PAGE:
>>         from OAuth 2.0 but with different definitions may lead to
>>         unnecessary
>>         confusion
>>
>>
>>     If we say that this document assumes OAuth2.0 terminology, then
>>     we should not change the meanings of any definition. If we are
>>     saying this supersedes or replaces what OAuth 2.0 creates, then
>>     we should pick the best word for the job and ignore conflicting
>>     meanings from OAuth 2.0. I have a lot of first hand experience of
>>     industries "ruining words", and attempting to side-step the
>>     problem rather than redefining the word just confuses everyone as
>>     everyone forgets the original meaning as new documents come out,
>>     but the confusion with the use of a non-obvious word continues.
>>
>>     Food for thought.
>>     - Warren
>>
>>     	
>>     Warren Parad
>>     Founder, CTO
>>
>>     Secure your user data and complete your authorization
>>     architecture. Implement Authress <https://bit.ly/37SSO1p>.
>>
>>
>>     On Tue, Aug 4, 2020 at 8:53 PM Benjamin Kaduk <kaduk@mit.edu
>>     <mailto:kaduk@mit.edu>> wrote:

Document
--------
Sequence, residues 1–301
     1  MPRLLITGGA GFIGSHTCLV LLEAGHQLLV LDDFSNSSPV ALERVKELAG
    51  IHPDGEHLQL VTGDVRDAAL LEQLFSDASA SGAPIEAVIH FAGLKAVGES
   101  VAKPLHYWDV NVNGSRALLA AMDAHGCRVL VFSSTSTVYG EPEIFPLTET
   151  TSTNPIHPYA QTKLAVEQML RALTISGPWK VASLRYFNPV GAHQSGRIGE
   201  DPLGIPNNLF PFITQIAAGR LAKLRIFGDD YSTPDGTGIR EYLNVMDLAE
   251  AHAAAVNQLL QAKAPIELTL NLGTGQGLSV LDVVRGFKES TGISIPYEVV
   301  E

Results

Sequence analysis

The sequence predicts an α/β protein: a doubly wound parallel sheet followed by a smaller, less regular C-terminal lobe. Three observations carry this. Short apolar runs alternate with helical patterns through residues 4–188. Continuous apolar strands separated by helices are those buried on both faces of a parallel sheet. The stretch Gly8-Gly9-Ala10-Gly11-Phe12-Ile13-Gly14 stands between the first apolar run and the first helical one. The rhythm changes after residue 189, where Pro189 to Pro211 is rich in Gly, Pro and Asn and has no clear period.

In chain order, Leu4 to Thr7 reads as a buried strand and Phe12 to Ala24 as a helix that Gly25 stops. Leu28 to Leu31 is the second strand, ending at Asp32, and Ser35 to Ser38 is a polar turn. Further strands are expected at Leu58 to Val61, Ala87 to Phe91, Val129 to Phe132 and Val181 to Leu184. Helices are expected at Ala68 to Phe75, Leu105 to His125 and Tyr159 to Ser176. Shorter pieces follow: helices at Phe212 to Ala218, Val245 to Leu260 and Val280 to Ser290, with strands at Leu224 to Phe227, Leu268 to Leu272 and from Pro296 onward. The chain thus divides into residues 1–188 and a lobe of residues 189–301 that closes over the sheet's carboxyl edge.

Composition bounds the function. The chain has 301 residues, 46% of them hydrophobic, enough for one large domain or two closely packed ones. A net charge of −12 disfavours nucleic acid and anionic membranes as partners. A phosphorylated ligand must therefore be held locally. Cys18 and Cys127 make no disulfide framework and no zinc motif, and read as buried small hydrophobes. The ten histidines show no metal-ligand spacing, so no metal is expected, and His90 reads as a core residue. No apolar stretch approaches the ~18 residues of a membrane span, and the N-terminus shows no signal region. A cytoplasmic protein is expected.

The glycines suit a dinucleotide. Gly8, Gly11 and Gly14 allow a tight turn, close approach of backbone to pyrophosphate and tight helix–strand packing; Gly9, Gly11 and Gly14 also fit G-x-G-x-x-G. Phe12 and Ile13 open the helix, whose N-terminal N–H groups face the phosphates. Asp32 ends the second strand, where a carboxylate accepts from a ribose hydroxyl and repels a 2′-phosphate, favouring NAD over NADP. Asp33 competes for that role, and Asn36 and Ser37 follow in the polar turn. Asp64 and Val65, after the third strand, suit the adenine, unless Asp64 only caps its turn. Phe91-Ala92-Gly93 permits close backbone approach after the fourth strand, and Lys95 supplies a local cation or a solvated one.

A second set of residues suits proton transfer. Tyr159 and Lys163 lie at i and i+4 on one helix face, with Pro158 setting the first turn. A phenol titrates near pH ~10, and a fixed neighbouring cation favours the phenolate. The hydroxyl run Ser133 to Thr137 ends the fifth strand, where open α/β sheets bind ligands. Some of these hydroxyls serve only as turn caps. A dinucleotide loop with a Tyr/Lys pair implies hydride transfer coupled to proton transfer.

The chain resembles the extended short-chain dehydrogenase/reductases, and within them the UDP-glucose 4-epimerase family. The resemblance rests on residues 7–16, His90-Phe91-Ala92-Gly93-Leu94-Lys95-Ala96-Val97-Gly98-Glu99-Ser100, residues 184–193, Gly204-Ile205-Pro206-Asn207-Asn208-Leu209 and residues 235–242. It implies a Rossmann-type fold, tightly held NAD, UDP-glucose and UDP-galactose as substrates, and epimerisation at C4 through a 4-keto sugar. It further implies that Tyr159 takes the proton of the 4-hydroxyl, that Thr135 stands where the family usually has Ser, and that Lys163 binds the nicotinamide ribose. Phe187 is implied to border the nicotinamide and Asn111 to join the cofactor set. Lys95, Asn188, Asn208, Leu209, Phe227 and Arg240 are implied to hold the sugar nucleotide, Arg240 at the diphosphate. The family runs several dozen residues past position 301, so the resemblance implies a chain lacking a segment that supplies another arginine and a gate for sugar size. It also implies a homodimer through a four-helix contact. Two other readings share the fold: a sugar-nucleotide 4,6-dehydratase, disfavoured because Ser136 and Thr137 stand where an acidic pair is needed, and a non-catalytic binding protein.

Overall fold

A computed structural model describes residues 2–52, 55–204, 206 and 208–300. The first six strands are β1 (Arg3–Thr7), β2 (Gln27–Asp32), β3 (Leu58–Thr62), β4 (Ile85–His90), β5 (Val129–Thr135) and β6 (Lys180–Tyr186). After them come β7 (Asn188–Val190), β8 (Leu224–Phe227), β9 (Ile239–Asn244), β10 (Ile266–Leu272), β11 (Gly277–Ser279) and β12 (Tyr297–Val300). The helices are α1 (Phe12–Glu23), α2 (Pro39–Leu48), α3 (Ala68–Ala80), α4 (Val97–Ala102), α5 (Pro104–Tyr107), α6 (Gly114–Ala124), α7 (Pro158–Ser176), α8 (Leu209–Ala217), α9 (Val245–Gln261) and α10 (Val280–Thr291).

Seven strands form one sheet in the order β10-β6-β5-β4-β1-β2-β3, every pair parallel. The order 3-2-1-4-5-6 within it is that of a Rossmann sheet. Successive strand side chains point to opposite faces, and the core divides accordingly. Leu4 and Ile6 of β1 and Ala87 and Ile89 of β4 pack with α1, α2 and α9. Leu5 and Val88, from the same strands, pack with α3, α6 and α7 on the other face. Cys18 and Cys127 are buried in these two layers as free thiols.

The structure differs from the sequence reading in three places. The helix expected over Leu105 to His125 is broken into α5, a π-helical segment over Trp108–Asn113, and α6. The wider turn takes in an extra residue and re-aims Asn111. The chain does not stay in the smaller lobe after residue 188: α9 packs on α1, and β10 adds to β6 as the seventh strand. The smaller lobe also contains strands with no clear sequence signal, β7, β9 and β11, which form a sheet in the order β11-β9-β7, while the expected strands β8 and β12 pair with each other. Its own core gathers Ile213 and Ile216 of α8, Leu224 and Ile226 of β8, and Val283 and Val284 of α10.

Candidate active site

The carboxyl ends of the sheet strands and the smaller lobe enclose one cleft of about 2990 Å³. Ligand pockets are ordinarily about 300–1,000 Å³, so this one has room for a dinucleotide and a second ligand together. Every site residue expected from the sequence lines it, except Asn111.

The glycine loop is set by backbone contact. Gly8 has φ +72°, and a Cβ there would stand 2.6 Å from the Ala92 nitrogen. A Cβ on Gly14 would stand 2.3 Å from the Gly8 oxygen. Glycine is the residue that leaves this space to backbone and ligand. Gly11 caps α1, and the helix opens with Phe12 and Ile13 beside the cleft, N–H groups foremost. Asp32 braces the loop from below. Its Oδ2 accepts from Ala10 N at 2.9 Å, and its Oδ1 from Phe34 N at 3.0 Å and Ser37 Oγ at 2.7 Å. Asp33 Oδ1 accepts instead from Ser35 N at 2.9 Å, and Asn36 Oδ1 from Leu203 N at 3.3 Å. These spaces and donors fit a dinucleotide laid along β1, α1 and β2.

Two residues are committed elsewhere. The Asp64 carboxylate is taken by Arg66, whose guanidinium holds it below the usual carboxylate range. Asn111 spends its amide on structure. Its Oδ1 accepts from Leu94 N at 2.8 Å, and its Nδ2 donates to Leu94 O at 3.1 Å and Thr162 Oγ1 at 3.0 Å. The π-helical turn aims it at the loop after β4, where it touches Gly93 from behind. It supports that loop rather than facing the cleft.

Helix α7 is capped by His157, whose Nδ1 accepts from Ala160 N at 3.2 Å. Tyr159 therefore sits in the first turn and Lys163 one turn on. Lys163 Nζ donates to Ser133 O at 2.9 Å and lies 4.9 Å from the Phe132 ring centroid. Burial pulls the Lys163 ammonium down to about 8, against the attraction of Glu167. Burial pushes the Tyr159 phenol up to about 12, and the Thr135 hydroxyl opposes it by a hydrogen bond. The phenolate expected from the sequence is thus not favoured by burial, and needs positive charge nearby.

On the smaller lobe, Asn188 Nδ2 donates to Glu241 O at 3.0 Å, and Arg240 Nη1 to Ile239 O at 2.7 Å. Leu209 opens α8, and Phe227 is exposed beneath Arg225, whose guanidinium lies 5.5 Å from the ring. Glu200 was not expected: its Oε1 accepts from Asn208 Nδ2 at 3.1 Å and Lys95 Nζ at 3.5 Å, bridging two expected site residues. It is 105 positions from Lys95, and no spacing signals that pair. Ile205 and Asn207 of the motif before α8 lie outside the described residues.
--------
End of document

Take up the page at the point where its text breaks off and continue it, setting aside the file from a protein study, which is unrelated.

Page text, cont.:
>>
>>         Hi Denis,
>>
>>         On Tue, Aug 04, 2020 at 11:31:34AM +0200, Denis wrote:
>>         > Hi Justin,
>>         >
>>         > Since you replied in parallel, I will make a response
>>         similar to the one
>>         > I sent to Dick.
>>         >
>>         > > Hi Denis,
>>         > >
>>         > > I think there’s still a problem with the terminology in
>>         use here. What
>>         > > you describe as RS2, which might in fact be an RS unto
>>         itself, is a
>>         > > “Client” in OAuth parlance because it is /a client of
>>         RS1/. What you
>>         > > call a “client” has no analogue in the OAuth world, but
>>         it is not at
>>         > > all the same as an OAuth client. I appreciate your
>>         mapping of the
>>         > > entities below, but it makes it difficult to hold a
>>         discussion if we